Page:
On 4 January 2021, President Joko Widodo signed Presidential Regulation No. 2 of 2021, which ratified the Convention Abolishing the Requirement of Legalization for Foreign Public Documents (the “Convention”). The Convention is designed to enhance public services and ease of doing business by simplifying the process of legalizing foreign public documents in Indonesia.
Under the Convention, legalization of certain types of foreign documents by a diplomatic or consular official is exempted. The foreign public documents include:
- Documents originating from an authority or official relating to a court or state tribunal, including those from public prosecutors, court clerks or court bailiffs;
- Administrative documents;
- Documents issued by a public notary;
- Official certificate attached to a document signed by an individual in his/her civil authority, such as certificates that records the registration of a document or certain validity period for a document on a certain date and legalization of signatures by officials and notaries.
Meanwhile, the Convention does not apply to the following type of documents:
- Documents signed by a diplomatic or consular official;
- Administrative documents that are related to commercial activities or customs.
Despite being exempted, the certification of signature authenticity of foreign public documents is still required. The Convention provides that each country must appoint its competent authority as substitute of diplomatic or consular official to issue certificate of signature authenticity of foreign public documents.
Previously, Ministry of Foreign Affairs Regulation No. 09/A/KP/XII/2006/01 (“MOFA Regulation No. 09/2006”) provides that each document made overseas and to be used in Indonesia need to be legalized by a diplomatic representative where the documents are originated. In this regard, the Convention changes the authorized party to legalize foreign public documents, namely from diplomatic representative into the competent authority appointed by each member of the Convention. The Convention does not specify on which competent authority should be appointed to perform the legalization of foreign public documents.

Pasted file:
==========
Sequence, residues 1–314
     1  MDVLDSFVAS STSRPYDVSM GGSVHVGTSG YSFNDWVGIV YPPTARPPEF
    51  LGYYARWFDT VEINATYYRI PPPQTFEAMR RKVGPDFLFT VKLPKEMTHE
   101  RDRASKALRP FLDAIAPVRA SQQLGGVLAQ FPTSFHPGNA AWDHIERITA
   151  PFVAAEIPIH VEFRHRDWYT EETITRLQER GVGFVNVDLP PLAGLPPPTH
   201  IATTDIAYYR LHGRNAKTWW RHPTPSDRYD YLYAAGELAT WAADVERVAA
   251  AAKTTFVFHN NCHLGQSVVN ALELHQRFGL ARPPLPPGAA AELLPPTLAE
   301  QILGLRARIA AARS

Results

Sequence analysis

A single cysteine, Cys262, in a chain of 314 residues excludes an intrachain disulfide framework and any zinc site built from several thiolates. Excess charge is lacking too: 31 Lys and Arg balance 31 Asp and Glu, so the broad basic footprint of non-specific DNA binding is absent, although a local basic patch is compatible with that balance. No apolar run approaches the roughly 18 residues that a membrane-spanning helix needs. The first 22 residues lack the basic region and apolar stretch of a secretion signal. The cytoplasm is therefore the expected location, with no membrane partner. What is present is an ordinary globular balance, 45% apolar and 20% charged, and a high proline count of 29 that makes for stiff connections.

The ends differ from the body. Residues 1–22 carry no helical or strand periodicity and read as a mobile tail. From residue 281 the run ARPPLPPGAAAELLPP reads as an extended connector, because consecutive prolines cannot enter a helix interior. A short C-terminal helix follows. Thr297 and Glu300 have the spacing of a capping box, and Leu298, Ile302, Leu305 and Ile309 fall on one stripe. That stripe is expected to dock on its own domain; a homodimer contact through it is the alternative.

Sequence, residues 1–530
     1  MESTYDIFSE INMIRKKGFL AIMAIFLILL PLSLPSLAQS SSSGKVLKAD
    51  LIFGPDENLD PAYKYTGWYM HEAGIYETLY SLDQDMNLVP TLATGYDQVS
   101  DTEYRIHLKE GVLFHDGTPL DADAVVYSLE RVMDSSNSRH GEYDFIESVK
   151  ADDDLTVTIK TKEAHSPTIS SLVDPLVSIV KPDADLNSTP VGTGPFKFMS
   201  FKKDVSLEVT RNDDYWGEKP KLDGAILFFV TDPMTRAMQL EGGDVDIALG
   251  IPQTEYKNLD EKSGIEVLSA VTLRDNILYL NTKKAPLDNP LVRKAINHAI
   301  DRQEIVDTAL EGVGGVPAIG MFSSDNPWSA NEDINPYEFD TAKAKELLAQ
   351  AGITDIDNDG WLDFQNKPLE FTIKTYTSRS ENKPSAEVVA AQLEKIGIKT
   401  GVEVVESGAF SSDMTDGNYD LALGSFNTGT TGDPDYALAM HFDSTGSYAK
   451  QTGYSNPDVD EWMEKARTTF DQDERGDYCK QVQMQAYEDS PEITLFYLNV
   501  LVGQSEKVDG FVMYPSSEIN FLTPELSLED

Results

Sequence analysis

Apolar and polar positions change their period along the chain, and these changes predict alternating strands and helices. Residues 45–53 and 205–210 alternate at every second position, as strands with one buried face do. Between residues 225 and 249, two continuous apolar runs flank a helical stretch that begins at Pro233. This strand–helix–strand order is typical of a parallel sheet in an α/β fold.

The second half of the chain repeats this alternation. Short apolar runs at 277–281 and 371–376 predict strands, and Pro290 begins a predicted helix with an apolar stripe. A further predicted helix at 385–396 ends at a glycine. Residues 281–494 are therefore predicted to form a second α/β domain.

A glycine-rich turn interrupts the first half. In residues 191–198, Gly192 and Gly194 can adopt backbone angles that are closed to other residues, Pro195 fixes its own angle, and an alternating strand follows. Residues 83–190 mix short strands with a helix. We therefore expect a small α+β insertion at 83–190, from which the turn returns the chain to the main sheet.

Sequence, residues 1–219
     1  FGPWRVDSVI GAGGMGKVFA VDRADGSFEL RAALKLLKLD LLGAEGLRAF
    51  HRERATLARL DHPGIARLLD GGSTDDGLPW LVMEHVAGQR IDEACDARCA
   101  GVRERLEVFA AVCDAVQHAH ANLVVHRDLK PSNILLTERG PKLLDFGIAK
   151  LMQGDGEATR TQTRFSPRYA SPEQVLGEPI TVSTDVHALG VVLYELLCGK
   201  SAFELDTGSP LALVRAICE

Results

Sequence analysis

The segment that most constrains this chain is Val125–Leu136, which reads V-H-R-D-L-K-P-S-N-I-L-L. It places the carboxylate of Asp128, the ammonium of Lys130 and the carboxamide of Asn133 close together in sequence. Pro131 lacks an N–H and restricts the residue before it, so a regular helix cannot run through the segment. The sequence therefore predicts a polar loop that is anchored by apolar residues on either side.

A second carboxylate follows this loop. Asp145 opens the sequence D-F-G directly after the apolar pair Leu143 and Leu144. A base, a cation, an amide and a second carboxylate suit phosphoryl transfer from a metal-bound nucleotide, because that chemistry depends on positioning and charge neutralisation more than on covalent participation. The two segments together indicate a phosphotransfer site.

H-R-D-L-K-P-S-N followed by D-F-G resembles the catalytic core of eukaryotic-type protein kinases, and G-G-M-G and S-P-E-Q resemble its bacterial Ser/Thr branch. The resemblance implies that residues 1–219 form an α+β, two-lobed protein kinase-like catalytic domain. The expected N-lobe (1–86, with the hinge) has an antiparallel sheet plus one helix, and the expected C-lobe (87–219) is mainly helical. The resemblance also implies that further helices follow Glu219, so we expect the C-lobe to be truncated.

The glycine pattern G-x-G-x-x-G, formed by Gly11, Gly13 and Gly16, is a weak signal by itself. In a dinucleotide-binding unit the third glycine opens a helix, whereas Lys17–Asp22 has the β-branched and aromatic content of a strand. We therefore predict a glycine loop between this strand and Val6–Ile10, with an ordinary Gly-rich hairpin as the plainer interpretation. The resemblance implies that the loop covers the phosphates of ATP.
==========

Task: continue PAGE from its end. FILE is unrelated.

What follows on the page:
Prior to ratification of the Convention, any document issued/executed outside Indonesia is required to be notarized by the public notary and later legalized by the consulate general of Indonesia where the documents are originated in order to be enforced or to be presented as evidence in Indonesia.
Additionally, the Convention also regulates new specific forms of foreign public document legalization. The certificate of authenticity issued by a competent authority appointed by the member of the Convention shall be given the title of “Apostille (Convention de la Haye du 5 octobre 1961)” and it must be written in French in accordance with the Appendix of the Convention.
The Use of Power of Attorney Signed Overseas Before the Court
It is pivotal to understand that the Power of Attorney (“POA”) can be qualified as one of the foreign public documents under the Convention. This understanding has been widely accepted by the Indonesian government. As such, until further regulated otherwise, the legalization of the POA signed overseas by a diplomatic or consular official is exempted, albeit may still need to be apostilled by the competent authority appointed by the country where the POA is signed. It is expected that the Indonesian government will follow it up by issuing a regulation on which the kind of foreign public documents need to be apostilled.
Based on the foregoing, we see that it is possible for the Indonesian judges would take a conservative approach when it comes to the use of foreign POAs before Indonesian courts. Beforehand, the Supreme Court has taken the position that POAs signed overseas must be legalized by Indonesia’s diplomatic representative in the country where the POA is signed.1 In addition, there has been no Supreme Court circular letter guiding the changes of this legalization mechanism.
Although, as a matter of law, a circular letter is not considered as a part of laws and regulations, however, it is frequently applied by judges in examining and adjudicating cases, and it plays an important role in the Indonesian judicial system.